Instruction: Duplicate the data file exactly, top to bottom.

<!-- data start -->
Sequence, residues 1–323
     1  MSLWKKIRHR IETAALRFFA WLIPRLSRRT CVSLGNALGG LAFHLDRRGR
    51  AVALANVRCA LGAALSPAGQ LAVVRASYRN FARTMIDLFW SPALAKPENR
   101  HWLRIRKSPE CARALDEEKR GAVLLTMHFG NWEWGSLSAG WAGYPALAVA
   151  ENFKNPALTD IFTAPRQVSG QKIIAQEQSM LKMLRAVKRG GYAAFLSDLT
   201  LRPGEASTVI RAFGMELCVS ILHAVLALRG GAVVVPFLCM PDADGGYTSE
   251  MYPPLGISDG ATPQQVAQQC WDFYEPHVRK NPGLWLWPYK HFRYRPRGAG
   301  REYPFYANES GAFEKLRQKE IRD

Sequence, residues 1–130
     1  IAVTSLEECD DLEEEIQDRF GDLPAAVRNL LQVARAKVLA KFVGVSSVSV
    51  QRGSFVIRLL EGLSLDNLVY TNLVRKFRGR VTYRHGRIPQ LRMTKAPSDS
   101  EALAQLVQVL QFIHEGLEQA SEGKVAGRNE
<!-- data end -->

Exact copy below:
Sequence, residues 1–323
     1  MSLWKKIRHR IETAALRFFA WLIPRLSRRT CVSLGNALGG LAFHLDRRGR
    51  AVALANVRCA LGAALSPAGQ LAVVRASYRN FARTMIDLFW SPALAKPENR
   101  HWLRIRKSPE CARALDEEKR GAVLLTMHFG NWEWGSLSAG WAGYPALAVA
   151  ENFKNPALTD IFTAPRQVSG QKIIAQEQSM LKMLRAVKRG GYAAFLSDLT
   201  LRPGEASTVI RAFGMELCVS ILHAVLALRG GAVVVPFLCM PDADGGYTSE
   251  MYPPLGISDG ATPQQVAQQC WDFYEPHVRK NPGLWLWPYK HFRYRPRGAG
   301  REYPFYANES GAFEKLRQKE IRD

Sequence, residues 1–130
     1  IAVTSLEECD DLEEEIQDRF GDLPAAVRNL LQVARAKVLA KFVGVSSVSV
    51  QRGSFVIRLL EGLSLDNLVY TNLVRKFRGR VTYRHGRIPQ LRMTKAPSDS
   101  EALAQLVQVL QFIHEGLEQA SEGKVAGRNE